Legislation prescribed of dying declaration and its essentials
The concept of dying declaration is explained in Section 32(1) in The Indian Evidence Act, 1872 is one of the exceptions to the general rule prescribed in Section 60 in the Evidence Act,1872 which explains that oral evidence in all instances must be direct i.e. it must be the evidence of testimony. Even though a dying declaration has not been made under oath and the person making it cannot be cross-examined still it is accepted in the court.
Ingredients of dying declaration
- The person who is giving the dying declaration must die.
- The dying declaration must not be incomplete.
- It must be done without any extra compulsion and freedom.
- The cause of death must be explained which leads to the death of the deceased or at least the circumstances which lead to his death must be explained.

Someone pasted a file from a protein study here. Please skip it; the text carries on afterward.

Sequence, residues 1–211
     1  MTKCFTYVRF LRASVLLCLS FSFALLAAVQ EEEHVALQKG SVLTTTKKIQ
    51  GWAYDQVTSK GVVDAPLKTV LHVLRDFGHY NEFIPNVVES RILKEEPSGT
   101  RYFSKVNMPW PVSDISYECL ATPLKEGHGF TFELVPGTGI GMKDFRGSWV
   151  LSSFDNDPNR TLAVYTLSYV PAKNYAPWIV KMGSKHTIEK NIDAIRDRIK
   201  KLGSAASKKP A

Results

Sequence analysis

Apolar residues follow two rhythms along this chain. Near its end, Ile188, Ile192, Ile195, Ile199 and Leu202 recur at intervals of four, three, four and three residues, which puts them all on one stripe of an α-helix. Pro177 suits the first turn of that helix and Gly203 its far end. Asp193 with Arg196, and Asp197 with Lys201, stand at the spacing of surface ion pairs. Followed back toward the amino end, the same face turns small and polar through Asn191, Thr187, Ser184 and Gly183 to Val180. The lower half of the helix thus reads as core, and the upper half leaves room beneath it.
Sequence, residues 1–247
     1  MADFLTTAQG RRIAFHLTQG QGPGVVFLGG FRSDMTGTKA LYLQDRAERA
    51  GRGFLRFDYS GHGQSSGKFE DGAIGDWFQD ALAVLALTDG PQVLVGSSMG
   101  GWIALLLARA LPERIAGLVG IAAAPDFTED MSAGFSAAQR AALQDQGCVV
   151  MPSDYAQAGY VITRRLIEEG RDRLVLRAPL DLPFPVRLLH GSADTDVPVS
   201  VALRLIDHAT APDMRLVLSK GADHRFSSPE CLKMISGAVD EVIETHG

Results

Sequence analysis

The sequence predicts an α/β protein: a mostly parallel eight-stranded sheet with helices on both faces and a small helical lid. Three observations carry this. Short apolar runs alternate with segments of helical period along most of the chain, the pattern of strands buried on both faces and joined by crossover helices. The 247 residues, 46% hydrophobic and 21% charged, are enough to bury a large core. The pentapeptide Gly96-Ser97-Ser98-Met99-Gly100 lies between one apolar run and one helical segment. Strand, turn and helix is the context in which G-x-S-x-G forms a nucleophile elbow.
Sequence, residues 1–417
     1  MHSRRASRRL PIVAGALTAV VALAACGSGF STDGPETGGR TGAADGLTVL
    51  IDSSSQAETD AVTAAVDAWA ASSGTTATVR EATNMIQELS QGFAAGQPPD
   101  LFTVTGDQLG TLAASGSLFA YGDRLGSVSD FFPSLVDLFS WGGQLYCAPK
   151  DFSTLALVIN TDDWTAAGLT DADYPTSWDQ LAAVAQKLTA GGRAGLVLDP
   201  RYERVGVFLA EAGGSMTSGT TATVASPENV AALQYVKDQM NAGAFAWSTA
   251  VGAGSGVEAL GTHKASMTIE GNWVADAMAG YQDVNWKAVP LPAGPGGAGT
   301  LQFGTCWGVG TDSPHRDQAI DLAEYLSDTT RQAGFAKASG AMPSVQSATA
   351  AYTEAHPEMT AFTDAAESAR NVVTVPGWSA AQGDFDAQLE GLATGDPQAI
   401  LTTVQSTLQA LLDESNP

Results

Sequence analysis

- The declarant who is making a dying declaration must be conscious of what is happening near him.
- The person must be of sound mind.
- The cause of death of a person must be in question.
Let us quickly look at who can take down dying declarations.
Who can take down a dying declaration?
Any person can take down a dying declaration provided the deteriorating condition of the declarant depending on the facts and circumstances of the case, even a police officer’s recorded dying declaration is legitimate. If a competent Magistrate does not record a dying declaration, it is preferable to obtain the signatures of witnesses who are present at the time of recording.
Forms of dying declaration
In the case of Queen-Empress vs. Abdullah, the accused had cut the throat of a declarant girl, consequently she unable to speak, but she was able to demonstrate who was guilty using signs made with her hands. It was held by Allahabad High court that the dying declaration can be in the form of written, oral, gestures, and signs.